Combing Therapy: An Ancient Technique For Naturally Healthy Hair

Combing Therapy: An Ancient Technique For Naturally Healthy Hair

By Kate Downes, MSAOM, Chinese Medicine Practitioner

The most beautiful hair is healthy hair. And healthy hair requires a healthy scalp!

Yet, so many of us forget to give our scalps the TLC they need. The result? Dry, damaged, lusterless hair and lots of itching and irritation.

A healthy scalp and gorgeous hair are possible with a simple self-care ritual that gets to the root: combing therapy. While combing therapy has been around for thousands of years, it is just now gaining popularity as a modern self-care and beauty method. 

Read on to learn more about this holistic hair care ritual and how you can use it to make your hair shinier, stronger, and healthier than ever. 


What is Combing Therapy?

Combing therapy is a simple ancient technique that developed thousands of years ago as part of Traditional Chinese Medicine (TCM). It allows you to enhance your body’s self-healing abilities by gently stimulating the scalp.

You can think of combing therapy as a type of gua sha that’s just for the scalp. With a specialized comb or scalp gua sha, you apply gentle pressure to the scalp to release tension, clear debris, increase circulation, and restore balance throughout the head and body.

Locally, the points flush health-boosting blood and qi through the entire head. When stimulated, they relieve irritation, physical tension, and even calm the mind.

But, the deeper power of these acupoints lies beyond the scalp; each point is connected to an energetic channel that runs along the length of the body and through various organs. This means that by stimulating the scalp, we can help restore balance to the whole body! 

Along with the TCM theories of how combing therapy works, we also know this technique improves hair, scalp, and whole-body health by:

  • Stimulating hair follicles.
    Each pass of the comb helps to stimulate the scalp and bring nourishing circulation to the hair follicles. Since poor follicle circulation is common in hair loss, combing may help prevent premature hair loss and encourage healthy, abundant hair growth.

  • Clearing excess build-up.
    The scalp produces sebum (a natural oil) to lubricate and moisturize the hair and scalp. But, you can have too much of a good thing when it comes to sebum. Excess sebum easily builds up and blocks your hair follicles, leading to issues like greasy hair, itching, and dandruff. Combing therapy clears away sebum buildup to keep your scalp clean and give your hair follicles space to breathe.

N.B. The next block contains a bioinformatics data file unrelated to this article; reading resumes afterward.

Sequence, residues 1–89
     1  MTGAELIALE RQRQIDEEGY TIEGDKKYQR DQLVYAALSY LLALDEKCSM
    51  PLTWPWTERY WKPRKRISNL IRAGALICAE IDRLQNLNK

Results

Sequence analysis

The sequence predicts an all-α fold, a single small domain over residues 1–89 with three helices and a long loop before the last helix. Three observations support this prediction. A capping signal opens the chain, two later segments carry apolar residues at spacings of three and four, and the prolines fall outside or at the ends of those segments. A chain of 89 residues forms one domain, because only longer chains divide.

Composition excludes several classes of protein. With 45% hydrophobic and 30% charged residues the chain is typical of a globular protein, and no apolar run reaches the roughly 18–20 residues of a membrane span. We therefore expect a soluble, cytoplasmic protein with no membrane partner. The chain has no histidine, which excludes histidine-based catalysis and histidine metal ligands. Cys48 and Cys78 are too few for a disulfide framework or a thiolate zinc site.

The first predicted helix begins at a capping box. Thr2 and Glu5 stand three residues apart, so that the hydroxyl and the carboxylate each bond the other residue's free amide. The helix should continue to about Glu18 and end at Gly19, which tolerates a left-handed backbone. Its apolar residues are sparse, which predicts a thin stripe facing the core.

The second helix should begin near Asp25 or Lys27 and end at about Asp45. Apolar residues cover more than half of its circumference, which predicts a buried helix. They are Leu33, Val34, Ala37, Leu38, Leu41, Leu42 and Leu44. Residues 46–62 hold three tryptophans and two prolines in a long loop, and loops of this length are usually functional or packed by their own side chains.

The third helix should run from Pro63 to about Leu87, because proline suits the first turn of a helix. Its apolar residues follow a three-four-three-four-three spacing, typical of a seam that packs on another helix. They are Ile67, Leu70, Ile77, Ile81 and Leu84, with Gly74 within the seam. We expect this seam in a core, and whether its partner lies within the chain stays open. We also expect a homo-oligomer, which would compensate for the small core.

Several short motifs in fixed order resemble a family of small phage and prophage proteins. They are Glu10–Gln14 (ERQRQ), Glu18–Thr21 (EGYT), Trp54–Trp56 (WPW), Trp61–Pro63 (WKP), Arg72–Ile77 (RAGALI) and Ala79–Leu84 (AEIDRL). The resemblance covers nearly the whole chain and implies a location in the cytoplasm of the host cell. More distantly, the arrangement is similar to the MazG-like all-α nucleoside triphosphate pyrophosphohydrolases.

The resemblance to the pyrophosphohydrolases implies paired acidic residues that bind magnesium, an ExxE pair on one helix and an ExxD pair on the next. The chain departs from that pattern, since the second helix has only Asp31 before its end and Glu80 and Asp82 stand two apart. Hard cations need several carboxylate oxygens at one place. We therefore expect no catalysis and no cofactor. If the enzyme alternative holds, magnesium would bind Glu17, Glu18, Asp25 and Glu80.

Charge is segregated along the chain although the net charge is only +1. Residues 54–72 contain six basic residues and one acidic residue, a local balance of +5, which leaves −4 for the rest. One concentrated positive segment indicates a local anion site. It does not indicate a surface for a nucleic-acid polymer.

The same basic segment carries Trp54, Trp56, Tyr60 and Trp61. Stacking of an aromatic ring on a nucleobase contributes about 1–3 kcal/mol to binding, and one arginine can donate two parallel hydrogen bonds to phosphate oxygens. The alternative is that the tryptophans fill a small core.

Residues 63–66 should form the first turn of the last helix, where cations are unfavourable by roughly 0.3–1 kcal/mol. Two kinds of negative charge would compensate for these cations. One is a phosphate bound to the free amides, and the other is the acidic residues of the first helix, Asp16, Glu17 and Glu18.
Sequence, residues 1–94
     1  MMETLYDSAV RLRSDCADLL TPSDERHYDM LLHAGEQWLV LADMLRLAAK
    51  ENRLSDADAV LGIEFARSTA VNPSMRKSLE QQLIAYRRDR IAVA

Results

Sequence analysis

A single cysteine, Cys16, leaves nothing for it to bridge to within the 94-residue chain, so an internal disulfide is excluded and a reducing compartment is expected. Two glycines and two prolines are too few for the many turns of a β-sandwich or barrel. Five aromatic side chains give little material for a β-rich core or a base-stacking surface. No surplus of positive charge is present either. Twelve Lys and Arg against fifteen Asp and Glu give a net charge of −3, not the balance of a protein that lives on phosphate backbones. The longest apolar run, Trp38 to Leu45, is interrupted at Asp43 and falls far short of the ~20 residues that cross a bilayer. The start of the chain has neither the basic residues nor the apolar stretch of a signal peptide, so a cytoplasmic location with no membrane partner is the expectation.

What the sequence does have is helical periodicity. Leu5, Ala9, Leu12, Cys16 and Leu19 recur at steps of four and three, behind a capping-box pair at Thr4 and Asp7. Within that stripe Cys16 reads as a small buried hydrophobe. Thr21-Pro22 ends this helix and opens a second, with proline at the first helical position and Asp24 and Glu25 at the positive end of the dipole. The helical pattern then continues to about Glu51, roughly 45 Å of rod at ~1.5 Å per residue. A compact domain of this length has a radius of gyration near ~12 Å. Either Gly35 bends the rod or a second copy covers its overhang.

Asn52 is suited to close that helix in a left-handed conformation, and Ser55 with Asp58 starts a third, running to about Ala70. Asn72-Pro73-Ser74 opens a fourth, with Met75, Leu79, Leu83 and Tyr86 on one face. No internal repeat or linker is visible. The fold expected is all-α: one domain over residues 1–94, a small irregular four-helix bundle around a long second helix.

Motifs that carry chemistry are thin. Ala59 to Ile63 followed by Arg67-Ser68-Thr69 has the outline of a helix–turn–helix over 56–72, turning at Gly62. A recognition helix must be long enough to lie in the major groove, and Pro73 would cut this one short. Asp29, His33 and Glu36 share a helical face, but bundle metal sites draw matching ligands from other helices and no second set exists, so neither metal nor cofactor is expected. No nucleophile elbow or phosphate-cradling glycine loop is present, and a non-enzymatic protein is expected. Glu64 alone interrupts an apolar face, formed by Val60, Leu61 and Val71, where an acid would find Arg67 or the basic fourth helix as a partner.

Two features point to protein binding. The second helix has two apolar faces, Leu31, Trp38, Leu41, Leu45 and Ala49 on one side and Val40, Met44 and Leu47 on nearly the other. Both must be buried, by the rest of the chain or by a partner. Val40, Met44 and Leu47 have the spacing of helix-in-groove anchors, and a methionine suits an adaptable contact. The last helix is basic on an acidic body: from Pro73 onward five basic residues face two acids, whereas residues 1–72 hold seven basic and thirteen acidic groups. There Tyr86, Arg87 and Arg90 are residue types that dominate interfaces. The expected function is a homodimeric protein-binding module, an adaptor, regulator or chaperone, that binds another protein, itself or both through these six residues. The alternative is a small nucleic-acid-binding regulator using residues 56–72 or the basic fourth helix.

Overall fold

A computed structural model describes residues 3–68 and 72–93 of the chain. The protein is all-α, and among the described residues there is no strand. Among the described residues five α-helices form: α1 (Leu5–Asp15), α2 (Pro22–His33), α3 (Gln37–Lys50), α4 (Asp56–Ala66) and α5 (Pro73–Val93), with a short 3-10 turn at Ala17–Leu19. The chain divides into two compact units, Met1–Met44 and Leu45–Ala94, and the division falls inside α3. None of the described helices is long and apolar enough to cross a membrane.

• Calming the nervous system.
    Along with boosting hair health, combing therapy is an excellent way to relax and reduce stress. Studies show that therapies that stimulate the scalp (like combing or scalp massage) powerfully calm the nervous system, reduce heart rate, blood pressure, and other physical signs of stress.

Benefits of Combing Therapy 

If you’re tired of battling an irritated scalp or lusterless hair, combing therapy is for you. Here are a few things you can look forward to when you practice combing therapy regularly:

  • Shinier, stronger hair 
  • Healthier scalp
  • Improved circulation 
  • Reduced scalp irritation, itching, and inflammation
  • Less dandruff and flakes
  • May stimulate hair growth
  • Reduced tension and headaches
  • Better sleep
  • Natural boost in energy
  • An overall sense of calm and wellbeing

How to Try Combing Therapy at Home

Adding in a daily combing therapy session is one of the best things you can do for your hair, mind, and body. Thankfully, it’s incredibly easy to learn and a joy to practice! Here’s how you can practice combing therapy right at home:

  1. Prep. You can use combing therapy on dry or damp hair. For the most nourishing experience, use a comb and scalp essence specifically designed for combing therapy, like MO MI’s Set.

  2. Glide. Place the scalp gua sha tool or comb on your forehead at the hairline. Gently glide the tool backward making one smooth movement from forehead to nape.

  3. Cover the entire scalp. Move in slow, long strokes from the crown of your head to the nape of your neck, covering the entire scalp. Make at least 3-5 passes over each section.

  4. Reverse and repeat. Flip your hair down and repeat the process, moving from nape to forehead. Make at least 3-5 passes over each section.